When you read the book, it plays on the word laziness. It’s telling people that it’s okay to be lazy sometimes, it’s okay to sit down on Saturday and sleep all day, it’s okay to skip work (if it’s legal) and just relax and enjoy your family. You don’t have to work 365 days a year because you might never have the time to enjoy it. For a lot of Africans, it’s all about work. We want to provide for our families, so we never take time to relax with them. This book is all about taking it easy.
One incident which also pushed me to write this book was the experience of a friend of mine. He was working on this project, it was a new project and it was so important that he missed the birth of his son. At the end of the day, it turned out that the company didn’t need that project anymore. So he did all that work for nothing. I thought, something has to give. We really need to take a break.
Besides the print edition of your books, there’s a Kindle version and, recently, the books have gone mobile, on the Blackberry. How has the reception been for them here in Nigeria?
The mobile version of the book is what really excites me. It’s something that we are working on. As for the print version, I have always loved it. The reception in Nigeria has been overwhelming. Every time I go to a book reading, the question I keep getting is: what is happening to the reading culture in Nigeria? I ask them if they know how hard it is for me to get book stores to actually take my books, or for them to actually pay me, or for me to take my books to places like Kaduna. It’s very difficult. Most children don’t have the opportunity and easy access to books. We don’t have the road network and the economy is poor. Rather than complain about the system, and criticisize our kids that they are always on Facebook, on Twitter, and on their mobile phones, I thought why don’t we just pick the books and put them in the phones. The logical solution would be to put it on the iPad or the Kindle but most people can’t afford that. We have a lot of people that have mobile phones and Blackberry’s, so let’s put the books into those devices. The key part of the whole thing is the ease of payment. What we’re trying to do is to get companies, like MTN, to have people download books on mobile phones for a fee. So we are adding value. Instead of our kids always downloading music, and all that, why don’t they download books? If we can get How Stupidity Saved My Life on the mobile, then we can start putting more books on the mobile platform. My dream is to have Things Fall Apart as a legal download on mobile phones, and then I’ll know that I can retire.
The level of education seen today in most of the Nigerian youth is abysmal. Citing some examples from your experiences, would you say it is a failure of the state or a failure of the home? Or both?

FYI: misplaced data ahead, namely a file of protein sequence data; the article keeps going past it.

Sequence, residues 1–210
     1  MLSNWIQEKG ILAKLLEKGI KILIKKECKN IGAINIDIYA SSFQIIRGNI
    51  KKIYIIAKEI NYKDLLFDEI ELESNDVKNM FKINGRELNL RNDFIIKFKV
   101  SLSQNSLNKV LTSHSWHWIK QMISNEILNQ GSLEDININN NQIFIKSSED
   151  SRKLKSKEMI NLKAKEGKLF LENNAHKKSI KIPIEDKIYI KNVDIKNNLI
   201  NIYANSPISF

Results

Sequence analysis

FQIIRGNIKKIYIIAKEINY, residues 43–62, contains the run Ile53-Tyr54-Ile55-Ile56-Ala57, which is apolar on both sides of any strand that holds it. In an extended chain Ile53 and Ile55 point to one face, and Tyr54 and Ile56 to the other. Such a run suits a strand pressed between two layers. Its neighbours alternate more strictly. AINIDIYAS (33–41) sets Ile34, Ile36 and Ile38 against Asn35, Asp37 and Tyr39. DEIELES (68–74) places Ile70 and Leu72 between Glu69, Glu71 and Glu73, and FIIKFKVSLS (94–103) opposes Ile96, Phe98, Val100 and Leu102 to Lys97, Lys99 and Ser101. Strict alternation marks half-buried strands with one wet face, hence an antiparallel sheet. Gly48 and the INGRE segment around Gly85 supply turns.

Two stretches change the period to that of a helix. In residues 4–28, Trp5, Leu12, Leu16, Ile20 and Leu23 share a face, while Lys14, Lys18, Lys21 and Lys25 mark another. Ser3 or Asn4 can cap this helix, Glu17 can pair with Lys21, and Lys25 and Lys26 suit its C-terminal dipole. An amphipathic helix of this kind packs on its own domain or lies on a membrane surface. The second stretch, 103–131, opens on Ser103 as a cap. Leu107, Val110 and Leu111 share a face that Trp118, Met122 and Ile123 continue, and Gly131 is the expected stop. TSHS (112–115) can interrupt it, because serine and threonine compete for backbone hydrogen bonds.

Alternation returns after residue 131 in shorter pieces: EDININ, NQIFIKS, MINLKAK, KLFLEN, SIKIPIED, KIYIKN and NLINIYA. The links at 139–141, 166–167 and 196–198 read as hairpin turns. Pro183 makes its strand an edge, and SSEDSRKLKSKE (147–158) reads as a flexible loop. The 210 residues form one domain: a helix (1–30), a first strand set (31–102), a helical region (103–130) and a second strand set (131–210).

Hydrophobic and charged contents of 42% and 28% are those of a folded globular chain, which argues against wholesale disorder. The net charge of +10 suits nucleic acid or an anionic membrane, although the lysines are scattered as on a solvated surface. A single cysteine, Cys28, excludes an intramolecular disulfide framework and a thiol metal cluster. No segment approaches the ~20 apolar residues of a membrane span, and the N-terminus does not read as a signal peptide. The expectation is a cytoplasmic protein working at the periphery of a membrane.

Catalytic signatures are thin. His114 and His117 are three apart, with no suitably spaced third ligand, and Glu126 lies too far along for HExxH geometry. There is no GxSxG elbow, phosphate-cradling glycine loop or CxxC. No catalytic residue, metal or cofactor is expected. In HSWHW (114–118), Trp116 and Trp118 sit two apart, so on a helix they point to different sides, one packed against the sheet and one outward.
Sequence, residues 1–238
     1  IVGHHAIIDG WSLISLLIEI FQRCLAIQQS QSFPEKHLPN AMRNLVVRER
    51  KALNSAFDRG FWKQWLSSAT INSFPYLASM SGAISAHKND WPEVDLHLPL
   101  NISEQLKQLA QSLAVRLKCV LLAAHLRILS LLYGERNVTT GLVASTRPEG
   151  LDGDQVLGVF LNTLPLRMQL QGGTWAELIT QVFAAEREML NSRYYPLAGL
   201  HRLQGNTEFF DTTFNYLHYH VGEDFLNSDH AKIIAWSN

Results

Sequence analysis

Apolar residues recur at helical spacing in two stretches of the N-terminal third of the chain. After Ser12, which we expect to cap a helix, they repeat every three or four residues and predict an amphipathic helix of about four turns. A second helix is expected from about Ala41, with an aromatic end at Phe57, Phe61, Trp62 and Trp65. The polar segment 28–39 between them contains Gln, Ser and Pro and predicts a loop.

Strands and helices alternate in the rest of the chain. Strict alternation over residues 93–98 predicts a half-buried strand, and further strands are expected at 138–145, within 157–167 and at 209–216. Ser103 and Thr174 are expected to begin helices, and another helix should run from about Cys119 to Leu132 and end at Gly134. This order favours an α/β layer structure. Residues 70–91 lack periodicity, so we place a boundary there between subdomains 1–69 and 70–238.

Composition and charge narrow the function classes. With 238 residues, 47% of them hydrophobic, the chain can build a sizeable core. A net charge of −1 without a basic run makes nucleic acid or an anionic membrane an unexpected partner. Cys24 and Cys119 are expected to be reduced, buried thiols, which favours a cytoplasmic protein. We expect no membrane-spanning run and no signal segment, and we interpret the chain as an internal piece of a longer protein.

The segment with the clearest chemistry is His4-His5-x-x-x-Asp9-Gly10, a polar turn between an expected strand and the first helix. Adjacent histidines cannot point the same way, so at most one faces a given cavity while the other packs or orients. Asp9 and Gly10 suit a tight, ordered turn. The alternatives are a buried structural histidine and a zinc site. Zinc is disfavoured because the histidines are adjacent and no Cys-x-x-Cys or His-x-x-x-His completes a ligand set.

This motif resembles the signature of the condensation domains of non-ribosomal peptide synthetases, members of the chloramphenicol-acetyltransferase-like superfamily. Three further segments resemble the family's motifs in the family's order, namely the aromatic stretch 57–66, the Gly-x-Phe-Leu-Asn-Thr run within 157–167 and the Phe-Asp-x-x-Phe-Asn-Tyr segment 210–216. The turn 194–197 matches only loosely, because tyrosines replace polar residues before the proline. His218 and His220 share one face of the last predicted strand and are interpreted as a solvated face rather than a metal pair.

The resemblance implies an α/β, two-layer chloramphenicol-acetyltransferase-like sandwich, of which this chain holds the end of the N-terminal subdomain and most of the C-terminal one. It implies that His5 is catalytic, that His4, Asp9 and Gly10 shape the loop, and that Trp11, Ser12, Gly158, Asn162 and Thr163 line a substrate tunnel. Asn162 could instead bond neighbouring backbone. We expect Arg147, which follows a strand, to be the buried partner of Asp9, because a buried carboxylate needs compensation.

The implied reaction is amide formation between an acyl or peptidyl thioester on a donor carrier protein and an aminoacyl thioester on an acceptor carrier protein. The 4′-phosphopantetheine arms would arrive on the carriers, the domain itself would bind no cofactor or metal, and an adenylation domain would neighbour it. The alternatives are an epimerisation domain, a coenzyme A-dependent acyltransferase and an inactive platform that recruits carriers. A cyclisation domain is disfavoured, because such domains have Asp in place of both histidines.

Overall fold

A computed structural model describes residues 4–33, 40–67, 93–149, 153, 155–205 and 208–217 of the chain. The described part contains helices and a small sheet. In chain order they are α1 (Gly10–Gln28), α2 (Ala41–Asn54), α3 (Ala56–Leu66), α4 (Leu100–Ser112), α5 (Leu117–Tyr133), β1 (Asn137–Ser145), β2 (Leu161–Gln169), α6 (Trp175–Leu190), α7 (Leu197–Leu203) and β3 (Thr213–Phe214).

I believe it’s the government — the government has failed us. Again, I don’t want to compare myself with anybody. My story is a great story, but understand I went to Corona secondary school and to St. Leo’s Catholic Private School. I went to good schools. The average person can’t afford those schools but, on the flip side, when I went to the United States of America, I went to a public university. Nevertheless, I was still able to compete with people who went to private colleges. The only good university right now, in my opinion, is Covenant University, and it’s a private school. We need to be able to get our public universities up to the level of the private universities. And we need to start by fighting corruption. I can tell you this has happened more than 20 times: when I’m talking with some people, they just mention, casually, that for them to pass their math exams they never attended math classes. They just had to pay their way through. It’s corruption and it’s rife. In times past, people wanted to go to America, people wanted to go to England…right now people are going to South Africa, Benin Republic, Ghana, anywhere but Nigeria. And it’s bad. We can’t say we are the giant of Africa and all our kids are running away. Something is wrong. And my hope is that more and more private universities spring up so that public universities realise that they have to step up. We have to stamp out corruption.
The other thing is that teachers’ aren’t paid enough. It’s not simple enough to say that there is a corruption problem. Corruption always starts because of something. If you are not paying your teachers enough for them to take care of themselves, they are going to find a way to get money. They are going to collect it someway from students. Now, they feel it’s legal. It seems like a normal thing. Somebody said that if you pay a Nigerian who works for you, from Monday to Sunday, about N30, 000 a month, you should be afraid that when you are sleeping at night he will come and rob you. You have to ask yourself: how is he able to survive on this amount each month? So we have to be realistic. We are not paying teachers enough, and we need to pay them more. If we pay our teachers more, we are going to see that the standard of education will improve.
Continue to the second part of this interview here: Okechukwu Ofili: How Stupidity and Laziness Saved His Life (Part 2).